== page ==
Learning from one's children about food can be quite an experience...
One lives and learns; with a little help from the worldwide web. The other day my daughter told me on chat that she was eating tzatziki. I've picked up a small chat vocabulary and learned to respond with “?”, not a full interrogative sentence. “Amma! C'mon, tzatziki. You know.”(I didn't.) She buys a tub and eats it with bread sticks or crackers, but after a little googling I discovered that the Greeks and Arabs eat it with meat pies, shish kabab, pita or shawarmas.
Versions of raita
Basically it's a combination of dahi and cucumbers, of varying consistency, depending on which side of the Mediterranean you're making it in. Greek-style yoghurt is a bit tart, like our home-made dahi and thickened by straining overnight through muslin. The usual flavourings are dill or mint, garlic, olive oil and lemon juice. So easy and so refreshing, like a souped-up version of our pachadi and kheera raita. The Iranian version is called mast-o-khiar, dahi and kheera. The difference between theirs and ours is in the additional flavourings and thickness; after removing the whey, it has the right stiffness for a dip. And Greek cucumbers are less juicy, so the tzatziki isn't runny.
The next week the same child said she was planning to entertain her friends with an Indian meal. My amazement can be explained by what followed. She asked how to make a raita. How to make a raita? What's to tell? And could such a child cook an entire Indian meal? She's the best egg-maker I know — her “scramlette” is nonpareil, and her toast is crisp and perfect — but that's breakfast. Dinner? Fortunately she was only playing sous chef to another Indian friend and, apart from cutting, chopping and stirring, was responsible for the raita. Which, she reported later, was a huge success. She found a Bangladeshi vendor in a street market and got fresh curry patta, and at the local Tesco/Sainsbury, a pomegranate. So she assembled her own combination with a little help from the www and gtalk.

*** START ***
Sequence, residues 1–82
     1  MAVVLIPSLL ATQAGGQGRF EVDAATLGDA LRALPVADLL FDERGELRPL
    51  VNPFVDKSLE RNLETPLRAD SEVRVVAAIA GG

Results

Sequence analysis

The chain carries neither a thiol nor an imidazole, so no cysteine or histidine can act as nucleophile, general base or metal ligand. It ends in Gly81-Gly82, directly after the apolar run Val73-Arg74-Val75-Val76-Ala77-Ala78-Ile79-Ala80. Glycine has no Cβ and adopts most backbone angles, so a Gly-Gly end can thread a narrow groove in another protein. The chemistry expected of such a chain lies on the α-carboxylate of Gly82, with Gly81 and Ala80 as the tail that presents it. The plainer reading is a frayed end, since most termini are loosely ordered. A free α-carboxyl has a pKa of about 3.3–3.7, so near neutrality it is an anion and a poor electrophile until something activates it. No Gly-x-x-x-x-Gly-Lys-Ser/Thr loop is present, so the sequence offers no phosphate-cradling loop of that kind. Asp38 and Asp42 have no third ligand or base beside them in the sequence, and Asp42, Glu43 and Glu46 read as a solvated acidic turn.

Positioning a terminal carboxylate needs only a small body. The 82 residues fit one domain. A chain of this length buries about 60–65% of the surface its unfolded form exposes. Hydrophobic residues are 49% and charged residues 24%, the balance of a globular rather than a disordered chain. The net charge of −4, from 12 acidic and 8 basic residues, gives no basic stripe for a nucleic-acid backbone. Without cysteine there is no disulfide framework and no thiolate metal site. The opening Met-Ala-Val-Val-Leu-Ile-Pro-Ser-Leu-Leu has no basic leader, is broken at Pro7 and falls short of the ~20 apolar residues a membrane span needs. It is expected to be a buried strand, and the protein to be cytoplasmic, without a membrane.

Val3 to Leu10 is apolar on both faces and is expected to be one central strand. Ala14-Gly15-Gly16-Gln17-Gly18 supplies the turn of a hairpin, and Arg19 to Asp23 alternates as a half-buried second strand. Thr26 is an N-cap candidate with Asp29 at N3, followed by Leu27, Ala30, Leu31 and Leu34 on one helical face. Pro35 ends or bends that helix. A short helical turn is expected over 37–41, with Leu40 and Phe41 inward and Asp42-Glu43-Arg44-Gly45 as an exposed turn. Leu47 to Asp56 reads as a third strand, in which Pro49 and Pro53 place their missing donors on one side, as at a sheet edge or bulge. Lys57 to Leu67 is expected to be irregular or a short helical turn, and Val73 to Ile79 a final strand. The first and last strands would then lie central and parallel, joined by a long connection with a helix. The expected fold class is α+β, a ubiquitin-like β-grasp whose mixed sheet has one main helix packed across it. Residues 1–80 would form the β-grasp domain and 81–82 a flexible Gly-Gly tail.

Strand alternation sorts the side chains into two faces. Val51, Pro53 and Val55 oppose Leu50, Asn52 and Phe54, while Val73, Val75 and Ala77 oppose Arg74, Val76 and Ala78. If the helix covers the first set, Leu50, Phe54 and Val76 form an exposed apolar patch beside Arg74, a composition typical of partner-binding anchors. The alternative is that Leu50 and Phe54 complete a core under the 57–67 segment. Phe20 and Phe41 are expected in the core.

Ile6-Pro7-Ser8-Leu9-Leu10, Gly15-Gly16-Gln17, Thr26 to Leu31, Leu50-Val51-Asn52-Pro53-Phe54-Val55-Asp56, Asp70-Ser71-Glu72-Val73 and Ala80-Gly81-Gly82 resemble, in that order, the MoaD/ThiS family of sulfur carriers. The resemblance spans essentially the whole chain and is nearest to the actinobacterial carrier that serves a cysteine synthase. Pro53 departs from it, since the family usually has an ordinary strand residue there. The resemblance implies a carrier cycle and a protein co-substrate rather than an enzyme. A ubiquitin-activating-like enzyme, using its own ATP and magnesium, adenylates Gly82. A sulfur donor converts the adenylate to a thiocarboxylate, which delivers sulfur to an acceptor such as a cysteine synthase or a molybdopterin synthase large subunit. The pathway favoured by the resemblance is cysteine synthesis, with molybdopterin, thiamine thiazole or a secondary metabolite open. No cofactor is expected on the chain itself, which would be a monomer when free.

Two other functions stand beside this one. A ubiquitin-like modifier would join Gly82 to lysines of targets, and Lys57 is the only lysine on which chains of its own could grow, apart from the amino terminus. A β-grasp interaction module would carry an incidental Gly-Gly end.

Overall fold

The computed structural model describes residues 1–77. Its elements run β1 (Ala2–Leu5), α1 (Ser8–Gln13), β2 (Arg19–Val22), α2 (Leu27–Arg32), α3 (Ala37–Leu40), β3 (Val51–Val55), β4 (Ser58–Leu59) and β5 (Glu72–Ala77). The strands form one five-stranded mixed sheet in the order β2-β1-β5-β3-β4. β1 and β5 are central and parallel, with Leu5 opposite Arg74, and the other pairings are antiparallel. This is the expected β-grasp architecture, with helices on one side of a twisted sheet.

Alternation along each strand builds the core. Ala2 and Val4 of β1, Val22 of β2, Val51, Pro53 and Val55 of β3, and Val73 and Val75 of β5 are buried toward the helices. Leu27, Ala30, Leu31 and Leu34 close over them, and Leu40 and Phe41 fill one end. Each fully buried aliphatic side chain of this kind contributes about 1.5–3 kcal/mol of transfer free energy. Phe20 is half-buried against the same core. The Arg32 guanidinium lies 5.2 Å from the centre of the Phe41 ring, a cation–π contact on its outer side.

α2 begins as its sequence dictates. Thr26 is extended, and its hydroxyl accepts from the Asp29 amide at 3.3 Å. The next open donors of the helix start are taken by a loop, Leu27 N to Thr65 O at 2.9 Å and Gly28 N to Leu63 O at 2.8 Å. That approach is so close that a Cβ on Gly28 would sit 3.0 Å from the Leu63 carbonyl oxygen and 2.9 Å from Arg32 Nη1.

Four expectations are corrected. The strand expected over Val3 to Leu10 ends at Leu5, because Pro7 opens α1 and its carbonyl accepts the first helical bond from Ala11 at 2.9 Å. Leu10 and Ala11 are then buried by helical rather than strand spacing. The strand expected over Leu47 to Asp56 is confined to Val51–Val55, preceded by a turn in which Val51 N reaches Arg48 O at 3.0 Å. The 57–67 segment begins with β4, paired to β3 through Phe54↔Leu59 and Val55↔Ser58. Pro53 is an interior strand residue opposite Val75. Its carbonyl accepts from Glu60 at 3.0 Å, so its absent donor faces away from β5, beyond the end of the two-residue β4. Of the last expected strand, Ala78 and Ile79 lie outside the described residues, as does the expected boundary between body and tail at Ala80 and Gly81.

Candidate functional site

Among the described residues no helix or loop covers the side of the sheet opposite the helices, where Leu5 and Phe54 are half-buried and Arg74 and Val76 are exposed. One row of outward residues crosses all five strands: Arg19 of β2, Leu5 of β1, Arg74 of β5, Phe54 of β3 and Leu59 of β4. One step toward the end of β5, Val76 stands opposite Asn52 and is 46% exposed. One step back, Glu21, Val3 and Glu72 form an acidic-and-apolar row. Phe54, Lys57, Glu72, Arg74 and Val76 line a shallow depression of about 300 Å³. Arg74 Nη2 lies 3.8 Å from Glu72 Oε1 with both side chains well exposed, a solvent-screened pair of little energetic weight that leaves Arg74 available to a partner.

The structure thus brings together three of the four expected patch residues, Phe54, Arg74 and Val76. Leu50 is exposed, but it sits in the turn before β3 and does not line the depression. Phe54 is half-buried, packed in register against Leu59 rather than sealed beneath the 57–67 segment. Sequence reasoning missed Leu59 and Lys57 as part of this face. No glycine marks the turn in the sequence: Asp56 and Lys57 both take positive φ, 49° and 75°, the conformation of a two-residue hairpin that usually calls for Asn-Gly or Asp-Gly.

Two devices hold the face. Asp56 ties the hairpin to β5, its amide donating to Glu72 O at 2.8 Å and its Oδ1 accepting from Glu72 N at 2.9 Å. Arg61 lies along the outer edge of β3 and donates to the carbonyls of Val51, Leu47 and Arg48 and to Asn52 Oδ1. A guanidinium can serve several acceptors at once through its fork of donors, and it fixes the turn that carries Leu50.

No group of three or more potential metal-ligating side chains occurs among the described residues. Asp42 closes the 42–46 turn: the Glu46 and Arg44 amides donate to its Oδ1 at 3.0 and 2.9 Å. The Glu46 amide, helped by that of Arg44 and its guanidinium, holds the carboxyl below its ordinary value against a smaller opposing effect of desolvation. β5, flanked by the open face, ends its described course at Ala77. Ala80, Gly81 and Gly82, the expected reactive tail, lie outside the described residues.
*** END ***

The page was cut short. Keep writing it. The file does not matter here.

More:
Frijolemole was another learning. Another day the same daughter said she had eaten the world's most delicious “spread”, frijolemole. I quite like this reversal of roles; from being the one who introduced her children to new flavours I'm now at the receiving, learning end. What's satisfying is the accuracy with which she describes food; you get the texture and the flavour, thousands of miles away. This, she said, is a hummus-like paste, made of kabuli chana, chickpeas. Frijol, pronounced fri-hol, (and frijoles, plural), means, simply, bean in Spanish and is one of the official state vegetables in New Mexico. Mole, that which has been pounded, is a paste, as in the better known guacamole. So a frijolemole is a bit like hummus but crunchy, with a small bite of green chillies and the freshness of coriander and lime juice. I followed her description and we had it for lunch, with Melba toast and a tossed green salad.
Vasundhara Chauhan is based in Delhi.
Pomegranate raita: sous chef's special
2 cups dahi, yoghurt
1 large cucumber, diced fine
Seeds of one pomegranate
1 tsp vegetable oil
1 tsp mustard seeds
2 dry red chilies, whole
12 leaves curry patta
Method: Beat dahi till smooth and stir in salt, sugar, diced cucumber and pomegranate seeds. Heat oil in a small frying pan and add mustard seeds till they begin to pop. Sauté red chillies and add curry leaves. When they start sizzling, turn off heat and pour tempering over raita. Cover and chill before serving.
Another version of this raita uses mint. Pomegranate has little flavour so a handful of fresh mint leaves can be chopped fine or puréed and mixed into the beaten and seasoned dahi before adding pomegranate seeds.
No tempering is required; the mint gives enough flavour.
Makes about 2 cups
1/2 cup kabuli chana, chickpeas
2 tbsp olive oil
1 large onion, chopped medium
6 cloves garlic, peeled
1 tbsp lime juice
4 spring onions, with greens, chopped fine
2-4 green chillies, seeded and chopped fine
2 tomatoes, blanched, peeled and chopped
Tabasco or other chilli sauce
2 tbsp sour cream or hung yoghurt
1 tbsp coriander leaves and stems, chopped fine
1-2 tbsp black olives
Method: Soak chickpeas overnight, in lots of water, which more than covers the beans. The next morning, drain chickpeas and boil with salt in about a cupful of water till tender. Simmer for about 30 minutes after full pressure has been reached in a pressure cooker. Drain and reserve cooking liquid. Heat oil in a medium sized frying pan and sauté onions and garlic till golden. Add lime juice, onions, garlic and any oil that remains in the pan to the cooked chickpeas. Whizz in a blender until almost smooth; a little chunkiness is welcome. If the mixture is too thick, add a tablespoon or more of the reserved cooking liquid and discard the rest. Transfer purée from blender jar to serving bowl, taste and adjust seasoning. Stir in chopped spring onions, chillies, tomatoes, Tabasco, sour cream (or hung yoghurt) and coriander. Garnish with pitted and halved black olives, cover and refrigerate. This keeps well in the fridge for up to a week. Cut tomatoes tend to spoil after a day, and the spices and seasonings will mask the off taste. So if the frijolemole is to be kept longer, omit the tomatoes and add them just before serving.
Keywords: Mediterranean recipes